The Gillibrand camp spun Israel’s withdrawal as a sign of support from Obama. It certainly had that appearance, but the president’s motives were more far-reaching than that. The filibuster-proof 60-seat majority Democrats will enjoy if Al Franken is seated is fragile. The Democratic leadership doesn’t want to waste precious resources on internecine warfare. “The Washington Establishment hates change,” says a Democratic Senate staffer. “There is no way Schumer and Harry Reid are going to abandon her. They’ll give her some kind of legislative trophy that she can put her name on. And if you’re a lobbyist, you’re going to be like, ‘What’s in it for me to take a flier on someone else when the smart money’s on Gillibrand?’ ” Late last week, Carolyn McCarthy announced she wouldn’t run either.
Maloney, meanwhile, is said to be on the verge of announcing a bid to unseat Gillibrand in the 2010 Democratic primary. “The commercials write themselves,” says a top Manhattan political consultant. “Big Tobacco. Immigration. Guns. It’s all there. And she has no record. She has no base of goodwill to build on.” Says one early rival, “I assure you that we will be united in our opposition to her. She’ll be reelected over my dead body.” Names that have surfaced on the Republican side as possible 2010 opponents include former governor George Pataki and Congressman Peter King.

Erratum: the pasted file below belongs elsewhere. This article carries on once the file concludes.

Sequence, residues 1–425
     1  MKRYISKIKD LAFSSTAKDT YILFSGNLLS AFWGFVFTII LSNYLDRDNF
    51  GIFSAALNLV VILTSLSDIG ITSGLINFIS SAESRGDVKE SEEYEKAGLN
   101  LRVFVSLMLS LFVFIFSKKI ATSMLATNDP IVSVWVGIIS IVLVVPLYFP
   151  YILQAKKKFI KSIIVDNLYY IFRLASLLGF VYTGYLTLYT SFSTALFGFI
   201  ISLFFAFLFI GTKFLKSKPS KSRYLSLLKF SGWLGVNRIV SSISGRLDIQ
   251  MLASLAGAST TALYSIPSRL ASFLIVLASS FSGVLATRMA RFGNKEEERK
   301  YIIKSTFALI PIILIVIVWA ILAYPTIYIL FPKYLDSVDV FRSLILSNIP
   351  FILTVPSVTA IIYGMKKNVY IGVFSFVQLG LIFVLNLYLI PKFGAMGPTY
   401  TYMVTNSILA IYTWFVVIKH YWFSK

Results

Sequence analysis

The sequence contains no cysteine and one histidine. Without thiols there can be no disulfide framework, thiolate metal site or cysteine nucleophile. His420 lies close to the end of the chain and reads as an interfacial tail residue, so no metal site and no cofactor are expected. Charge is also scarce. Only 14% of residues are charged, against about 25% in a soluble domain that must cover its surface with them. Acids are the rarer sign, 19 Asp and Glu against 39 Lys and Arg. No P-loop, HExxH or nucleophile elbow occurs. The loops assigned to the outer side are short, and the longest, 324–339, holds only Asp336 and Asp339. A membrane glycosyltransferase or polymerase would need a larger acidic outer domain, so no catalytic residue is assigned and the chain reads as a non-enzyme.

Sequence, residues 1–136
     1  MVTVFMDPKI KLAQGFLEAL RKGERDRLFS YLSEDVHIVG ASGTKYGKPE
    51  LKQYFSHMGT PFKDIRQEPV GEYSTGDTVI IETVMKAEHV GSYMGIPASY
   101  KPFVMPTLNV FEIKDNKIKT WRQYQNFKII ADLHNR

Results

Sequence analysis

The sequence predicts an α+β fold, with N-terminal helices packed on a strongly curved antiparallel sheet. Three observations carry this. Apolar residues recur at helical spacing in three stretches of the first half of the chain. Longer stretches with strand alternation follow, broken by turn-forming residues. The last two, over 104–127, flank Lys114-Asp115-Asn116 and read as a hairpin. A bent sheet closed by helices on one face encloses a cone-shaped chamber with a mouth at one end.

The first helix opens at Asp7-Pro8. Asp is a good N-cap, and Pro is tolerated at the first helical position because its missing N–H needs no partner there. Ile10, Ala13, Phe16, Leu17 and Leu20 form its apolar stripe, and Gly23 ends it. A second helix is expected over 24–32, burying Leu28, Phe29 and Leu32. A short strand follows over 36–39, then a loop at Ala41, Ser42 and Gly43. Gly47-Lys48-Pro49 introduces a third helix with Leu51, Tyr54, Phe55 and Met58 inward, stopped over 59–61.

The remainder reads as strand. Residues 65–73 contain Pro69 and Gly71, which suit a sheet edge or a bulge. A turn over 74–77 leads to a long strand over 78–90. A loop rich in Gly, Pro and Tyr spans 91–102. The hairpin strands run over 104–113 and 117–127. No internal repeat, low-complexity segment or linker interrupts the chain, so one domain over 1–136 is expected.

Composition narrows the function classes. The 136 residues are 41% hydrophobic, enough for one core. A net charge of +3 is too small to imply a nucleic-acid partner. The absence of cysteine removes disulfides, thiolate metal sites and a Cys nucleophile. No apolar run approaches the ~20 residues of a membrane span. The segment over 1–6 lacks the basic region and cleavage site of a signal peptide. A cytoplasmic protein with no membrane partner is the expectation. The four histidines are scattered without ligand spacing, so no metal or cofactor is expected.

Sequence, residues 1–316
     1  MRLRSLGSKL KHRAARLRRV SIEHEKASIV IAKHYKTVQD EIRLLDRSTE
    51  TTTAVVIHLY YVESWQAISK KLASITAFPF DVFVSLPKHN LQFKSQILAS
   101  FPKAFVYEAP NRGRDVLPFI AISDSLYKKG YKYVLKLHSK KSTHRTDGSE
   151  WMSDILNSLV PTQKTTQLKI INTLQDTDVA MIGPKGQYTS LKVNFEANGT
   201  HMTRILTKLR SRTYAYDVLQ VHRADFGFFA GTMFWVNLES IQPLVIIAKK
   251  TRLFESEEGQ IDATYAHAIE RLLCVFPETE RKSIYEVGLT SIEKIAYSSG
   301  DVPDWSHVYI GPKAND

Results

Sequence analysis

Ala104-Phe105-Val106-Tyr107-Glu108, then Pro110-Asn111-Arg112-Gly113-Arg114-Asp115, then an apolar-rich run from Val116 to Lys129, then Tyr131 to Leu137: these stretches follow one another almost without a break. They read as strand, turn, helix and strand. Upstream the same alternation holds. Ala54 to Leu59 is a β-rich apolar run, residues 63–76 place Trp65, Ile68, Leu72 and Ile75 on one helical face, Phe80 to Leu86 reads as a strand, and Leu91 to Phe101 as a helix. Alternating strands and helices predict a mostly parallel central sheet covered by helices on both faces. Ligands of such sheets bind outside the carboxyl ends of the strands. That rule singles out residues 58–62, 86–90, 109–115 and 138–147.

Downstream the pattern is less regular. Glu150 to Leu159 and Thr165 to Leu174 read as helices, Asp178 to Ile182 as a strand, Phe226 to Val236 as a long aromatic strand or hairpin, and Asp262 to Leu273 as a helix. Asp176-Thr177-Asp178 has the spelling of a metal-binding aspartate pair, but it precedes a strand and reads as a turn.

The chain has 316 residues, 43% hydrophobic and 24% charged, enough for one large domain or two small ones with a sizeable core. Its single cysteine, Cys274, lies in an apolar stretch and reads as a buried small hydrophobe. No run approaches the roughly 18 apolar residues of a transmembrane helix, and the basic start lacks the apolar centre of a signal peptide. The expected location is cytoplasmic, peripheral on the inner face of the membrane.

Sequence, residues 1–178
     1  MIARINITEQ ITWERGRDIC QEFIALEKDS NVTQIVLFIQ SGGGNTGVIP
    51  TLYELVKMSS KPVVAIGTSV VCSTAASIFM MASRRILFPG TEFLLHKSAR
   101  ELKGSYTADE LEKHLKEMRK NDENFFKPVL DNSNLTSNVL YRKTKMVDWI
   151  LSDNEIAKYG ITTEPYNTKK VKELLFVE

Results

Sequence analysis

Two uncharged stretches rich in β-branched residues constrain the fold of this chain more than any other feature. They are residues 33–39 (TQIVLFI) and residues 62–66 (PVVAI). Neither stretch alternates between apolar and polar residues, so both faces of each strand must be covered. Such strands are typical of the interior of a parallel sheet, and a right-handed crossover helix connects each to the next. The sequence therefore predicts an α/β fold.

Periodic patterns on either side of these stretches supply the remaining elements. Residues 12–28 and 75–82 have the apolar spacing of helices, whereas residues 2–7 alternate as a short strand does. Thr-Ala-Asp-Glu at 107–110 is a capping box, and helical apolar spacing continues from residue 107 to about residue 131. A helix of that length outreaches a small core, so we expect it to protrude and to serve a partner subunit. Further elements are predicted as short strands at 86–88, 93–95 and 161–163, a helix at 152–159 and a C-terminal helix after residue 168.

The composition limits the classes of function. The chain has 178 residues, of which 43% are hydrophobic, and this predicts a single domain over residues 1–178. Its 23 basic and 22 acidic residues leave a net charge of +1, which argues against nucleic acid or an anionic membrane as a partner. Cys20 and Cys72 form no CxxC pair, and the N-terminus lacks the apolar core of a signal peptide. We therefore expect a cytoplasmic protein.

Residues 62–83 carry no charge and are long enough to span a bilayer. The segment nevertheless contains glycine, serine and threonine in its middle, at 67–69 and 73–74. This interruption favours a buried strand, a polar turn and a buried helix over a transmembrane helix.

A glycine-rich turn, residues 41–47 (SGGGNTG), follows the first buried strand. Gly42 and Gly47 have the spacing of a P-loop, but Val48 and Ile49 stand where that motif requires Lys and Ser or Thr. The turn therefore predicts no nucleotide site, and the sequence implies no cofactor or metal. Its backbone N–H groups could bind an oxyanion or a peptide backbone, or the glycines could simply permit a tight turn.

Gillibrand’s fund-raising ability may be her most powerful weapon. Although she alienated some of her Wall Street backers with her vote against the Bush bailout bill while she was in the House (Crain’s New York Business editorialized that the vote disqualified her from Senate consideration), she’s been working to address that. In March, she held a fund-raiser with Wall Street executives hosted by Bill Clinton at the Upper East Side mansion of corrugated-box millionaire Dennis Mehiel, Carl McCall’s running mate in 2002. At that event, she left no doubt that she understood what her audience expected of her. “I used to represent a rural, conservative Republican district,” Gillibrand told the crowd. “Now I represent all of New York, and I have to represent all New Yorkers. I know the difference.”
Gillibrand raised $250,000 at the event. On April 6, she reported amassing $2.3 million in the first quarter, a substantial number that’s all the more striking in the current economic climate. Maloney has not displayed the ability to raise large amounts of money during her career. She currently has $1.3 million in the bank, enough to buy roughly one week’s worth of television ads. Polls show Pataki even in a theoretical race against Gillibrand, but he has expressed no interest. King, who is not well known outside his own Long Island district, would be hard-pressed to match Gillibrand’s war chest.
Gillibrand, of course, has a clear vision of the future. As we say good-bye—she’s off to make fund-raising calls—she asks, “Did you get what you need? Did I tell you if I wasn’t a lawyer, I wanted to be a journalist? I love getting at the truth. My favorite is Greta Van Susteren.”
For a fleeting moment, a look of concern comes over Gillibrand’s face, and she touches my arm. “Is this going to be okay?”
But before I can say anything, the smile returns. Kirsten Gillibrand believes again. “This will be okay. I know it will be okay.”